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The Student News Site of Texas A&M University - College Station

The Battalion

The Student News Site of Texas A&M University - College Station

The Battalion

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Conversations with the opposition

Deryl+Davis+spoke+about+his+conversations+on+the+topic+of+racism+with+members+of+the+KKK+and+American+Nazi+Party.
Photo by Photo by Taylor Fennell

Deryl Davis spoke about his conversations on the topic of racism with members of the KKK and American Nazi Party.

When musician and activist Deryl Davis was 10 years old, he began to wonder how people who did not know him could hate him because of his skin color.
While growing up, Davis frequently encountered people who treated him differently, including Matt Koehl, longtime leader of the American Nazi Party, who told him he would be “shipped back to Africa.” As an adult, Davis decided to start conversations with his opposition, which has resulted in many members of the Ku Klux Klan (KKK) withdrawing their association with the organization. The University Libraries Diversity Advancement Committee hosted Davis on Tuesday, where he spoke about his experience communicating with those who harbor prejudice against him.
Davis said he was first exposed to racist treatment at the age of 10, when he marched in a parade with the Cub Scouts in Belmont, Massachusetts.
“I was the only black scout participant in this march,” Davis said. “The streets were blocked off and the sidewalks were lined with nothing but white people, waving at us, cheering us, waving flags. My den mother let me carry the American flag, and as I’m marching with my fellow scouts down the parade route, all of a sudden I was getting hit with bottles, soda pop cans, rocks and debris from the street by a small group of white spectators on the sidewalk. My first thought was, ‘Oh, those people over there don’t like the Scouts.’ That’s how naive I was.”
Davis said when he told his parents about the incident, they sat him down and explained racism. Davis said he had never heard the word, and he thought his parents must have been lying to him.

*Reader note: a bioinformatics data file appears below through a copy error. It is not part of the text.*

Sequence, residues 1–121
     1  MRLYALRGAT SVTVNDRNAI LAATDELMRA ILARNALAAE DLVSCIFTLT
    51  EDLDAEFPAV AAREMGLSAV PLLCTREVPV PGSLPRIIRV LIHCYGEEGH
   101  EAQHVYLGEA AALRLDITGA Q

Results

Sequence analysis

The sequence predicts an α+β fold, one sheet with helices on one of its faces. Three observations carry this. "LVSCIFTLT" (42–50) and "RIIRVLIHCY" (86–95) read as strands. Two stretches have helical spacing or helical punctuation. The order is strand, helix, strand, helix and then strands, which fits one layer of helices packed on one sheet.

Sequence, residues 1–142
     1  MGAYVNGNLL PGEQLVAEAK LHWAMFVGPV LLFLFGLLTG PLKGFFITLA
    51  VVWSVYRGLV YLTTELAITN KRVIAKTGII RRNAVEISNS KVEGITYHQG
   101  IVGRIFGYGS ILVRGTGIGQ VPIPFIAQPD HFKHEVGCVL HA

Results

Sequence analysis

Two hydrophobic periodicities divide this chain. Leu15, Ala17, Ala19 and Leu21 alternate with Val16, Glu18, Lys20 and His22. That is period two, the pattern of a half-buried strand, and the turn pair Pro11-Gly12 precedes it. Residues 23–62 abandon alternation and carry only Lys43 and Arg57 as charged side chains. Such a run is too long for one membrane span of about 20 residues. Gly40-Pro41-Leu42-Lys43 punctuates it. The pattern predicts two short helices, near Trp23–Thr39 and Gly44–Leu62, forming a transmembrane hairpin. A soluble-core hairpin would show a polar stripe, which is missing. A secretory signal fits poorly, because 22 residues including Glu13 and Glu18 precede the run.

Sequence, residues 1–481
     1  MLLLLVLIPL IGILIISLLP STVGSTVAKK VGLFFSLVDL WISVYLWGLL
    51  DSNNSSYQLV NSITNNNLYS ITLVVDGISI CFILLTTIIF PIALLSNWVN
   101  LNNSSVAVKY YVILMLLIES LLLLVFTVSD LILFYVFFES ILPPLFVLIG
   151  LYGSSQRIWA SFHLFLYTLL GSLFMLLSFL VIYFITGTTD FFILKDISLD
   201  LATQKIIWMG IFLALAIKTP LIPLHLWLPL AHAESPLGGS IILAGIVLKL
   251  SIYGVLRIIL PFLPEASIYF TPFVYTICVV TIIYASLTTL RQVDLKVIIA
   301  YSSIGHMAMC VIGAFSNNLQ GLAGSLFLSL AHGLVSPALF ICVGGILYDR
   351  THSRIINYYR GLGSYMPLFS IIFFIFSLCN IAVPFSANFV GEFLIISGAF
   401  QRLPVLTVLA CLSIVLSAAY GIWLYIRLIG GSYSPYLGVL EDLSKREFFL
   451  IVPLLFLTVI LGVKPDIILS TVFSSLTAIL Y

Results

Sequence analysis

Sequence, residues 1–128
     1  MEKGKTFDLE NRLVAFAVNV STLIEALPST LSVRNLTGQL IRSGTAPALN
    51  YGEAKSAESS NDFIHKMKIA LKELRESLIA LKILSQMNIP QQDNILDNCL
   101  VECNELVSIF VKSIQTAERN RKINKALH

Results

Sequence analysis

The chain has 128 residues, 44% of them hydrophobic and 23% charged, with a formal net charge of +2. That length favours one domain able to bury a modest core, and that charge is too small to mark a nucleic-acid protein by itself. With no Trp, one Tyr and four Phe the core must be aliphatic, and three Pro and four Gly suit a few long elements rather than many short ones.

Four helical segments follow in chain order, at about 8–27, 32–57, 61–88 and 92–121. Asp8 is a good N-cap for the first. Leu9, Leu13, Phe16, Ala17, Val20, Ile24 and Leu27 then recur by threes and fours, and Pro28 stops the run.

“My 10-year-old head could not get around the idea that someone who had never laid eyes on me, never spoken to me, who knew absolutely nothing about me, would want to inflict pain upon me for no other reason than the color of my skin,” Davis said. “It made no sense to me.”
Davis recalled a day from his sophomore year of high school, when American Nazi Party leaders Koehl and Martin Kerr visited his class. The two told Davis and another black student they would willingly go “back to Africa” or be killed. As an adult, Davis had the opportunity to talk with Koehl and realized he could learn about racism through these conversations.
“There was the answer to my question that I had been looking for since age 10,” Davis said. “How can you hate me when you don’t even know me? Who better to ask than someone who had joined an organization whose whole history has been a premise of hating people who do not look like them, and who do not believe what they believe?”
Davis began a mission to talk to opposition throughout the country, and eventually formed a relationship with then KKK Grand Dragon Roger Kelly. Over the years, the two met and discussed race relations, the Klan and other controversial issues. Davis said this method is an important way to learn about opposing ideals.
“If you have an adversary, someone with an opposing point of view … give your adversary a platform,” Davis said. “Allow them to express their views, regardless of how extreme they may be. Listen to them. If you agree with them, fine, no problem. If you don’t agree with them, that’s fine too, still no problem. But you challenge them. You challenge them, not violently or rudely. You challenge them intelligently.”
After 20 years in the KKK, Kelly left the group, which Davis said was due in part to the intellectual challenges he had presented. John Bondurant, clinical assistant professor at Cushing Library and host of the event, said Davis’ focus on education aligned with the mission of the university and its libraries.
“He started learning about these organizations and in learning about [them], he realized they are based on ideas that are just not true and learned how to counter them,” Bondurant said. “It lets them see that he’s not someone who is a threat … it all starts with educating yourself and learning about others, and learning about a person.”
Jonathan Dietzel, marketing graduate student, said the event inspired him to have important discussions with people unlike himself.
“It’s just so incredibly simple, the ways in which we can become more like human beings and less divided by race and other things like sexual orientation and all these little things that put us in community,” Dietzel said. “Community is important, but I feel that we should be in community with everyone as human beings.”

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